Bad Forensic Science and Wrongful Convictions
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More than 250 wrongfully convicted prisoners have been exonerated in the United States on the basis of DNA testing. While DNA testing has ensured justice, other forms of forensic science have landed the innocent in jail, said members of the Innocence Project in a presentation at the USA Science & Engineering Festival in Washington, D.C., on Saturday.
Forensic science has captivated the TV-viewing public for years, but according to Eric Siegel of the NY Hall of Science, the fabric, hair, or other pieces of evidence used in fictional TV show cases should be taken as uncertain indicators of guilt.
For example, say a hair is found at the scene of a crime and, after analysis, it is said to match the hair on a suspect’s head. “What’s the likelihood of it being a wrong match?” asked Siegel. The problem is, he said, no research has been done on the probability of error.
“It’s profoundly not scientific,” he said.
Interrogation techniques have been developed to get confessions—whether the suspect is guilty or not, he said. He showed a video in which a young man confessed to a crime he did not commit, as was later shown by DNA tests. The interrogators asked leading questions, said Siegel, and even their body language worked on the young man psychologically.
The worst offender in forensic science is bite-mark analysis, said Chris Fabricant, attorney and director of strategic litigation for the Innocence Project.
Fabricant declared that it is a case of bad science with serious consequences when forensic dentists state in court that a bite mark on a victim’s body, for example, matches a suspect’s teeth “to the exclusion of everyone else on the planet.” Again, the probability of error in forensic dental analysis has not been researched.
The first case to open the door to such evidence in court was the People v. Marx case in California in 1975. The judge did not view the bite mark evidence as solid science, noted Fabricant, but he left it up to the jury. The jury found the defendant guilty based on this and other evidence. But, over the course of time, bite-mark analysis has been permitted in court and continues to hold up in court based on this case.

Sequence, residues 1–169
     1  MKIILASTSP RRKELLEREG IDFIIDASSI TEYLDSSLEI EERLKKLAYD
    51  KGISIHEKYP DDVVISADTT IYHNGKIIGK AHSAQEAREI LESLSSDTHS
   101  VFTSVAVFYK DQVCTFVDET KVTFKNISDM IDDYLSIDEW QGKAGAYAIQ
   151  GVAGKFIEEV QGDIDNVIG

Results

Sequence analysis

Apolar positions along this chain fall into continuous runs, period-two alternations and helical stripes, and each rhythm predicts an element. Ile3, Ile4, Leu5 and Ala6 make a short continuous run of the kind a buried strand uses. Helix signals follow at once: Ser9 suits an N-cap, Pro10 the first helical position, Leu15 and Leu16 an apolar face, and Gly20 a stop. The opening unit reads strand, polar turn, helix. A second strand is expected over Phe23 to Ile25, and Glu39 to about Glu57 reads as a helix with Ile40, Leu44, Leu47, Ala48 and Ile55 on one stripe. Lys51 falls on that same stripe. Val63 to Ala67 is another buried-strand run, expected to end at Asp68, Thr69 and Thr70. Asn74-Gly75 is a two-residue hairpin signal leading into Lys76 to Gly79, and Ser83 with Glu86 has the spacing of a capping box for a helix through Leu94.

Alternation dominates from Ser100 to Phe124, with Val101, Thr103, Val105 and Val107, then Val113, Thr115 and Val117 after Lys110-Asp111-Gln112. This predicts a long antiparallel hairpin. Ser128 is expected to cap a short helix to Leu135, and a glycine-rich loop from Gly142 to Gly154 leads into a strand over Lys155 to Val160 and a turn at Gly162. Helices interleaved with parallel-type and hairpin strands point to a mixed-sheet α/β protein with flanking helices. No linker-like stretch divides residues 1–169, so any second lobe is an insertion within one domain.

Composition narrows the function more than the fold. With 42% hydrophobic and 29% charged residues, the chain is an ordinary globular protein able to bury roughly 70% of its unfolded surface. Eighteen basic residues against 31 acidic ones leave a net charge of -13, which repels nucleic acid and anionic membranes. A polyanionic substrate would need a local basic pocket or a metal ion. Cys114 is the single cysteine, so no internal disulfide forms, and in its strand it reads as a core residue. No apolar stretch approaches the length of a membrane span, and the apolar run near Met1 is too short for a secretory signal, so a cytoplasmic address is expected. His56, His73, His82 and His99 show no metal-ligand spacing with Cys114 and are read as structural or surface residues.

Fabricant said that some judges acknowledge that the science has not been proven, though they have still allowed the evidence to be presented. Robert Lee Stinson spent 23 years in prison for a crime he didn’t commit because of bite mark evidence.
The gold standard in forensic science was once eye witness accounts, though the courts have since realized that human memory is not the most solid evidence. For example, Jennifer Thompson admits that when she was asked to pick her rapist out of a group of suspects, she later questioned her initial certainty. Ronald Junior Cotton spent 22 years in prison as an innocent man.
Thompson, shown in a video during the presentation, explained how she was attacked in her home. She awoke to find a man in her bedroom. As he assaulted her, she determinedly studied his features in the hopes of identifying him should she survive the attack. With such concerted efforts, she was still wrong.
She said when she was given several suspects to choose from, there was a sense that one of them had to be the one. When she picked Cotton, the police told her he was the one they most suspected.
Though Cotton spent so long in prison, when he was exonerated he and Thompson became friends.
The 2014 USA Science & Engineering Festival in Washington, D.C., is taking place April 26–27. Epoch Times is a media sponsor of the festival, so expect more great coverage to come!
*Image of a police line via Shutterstock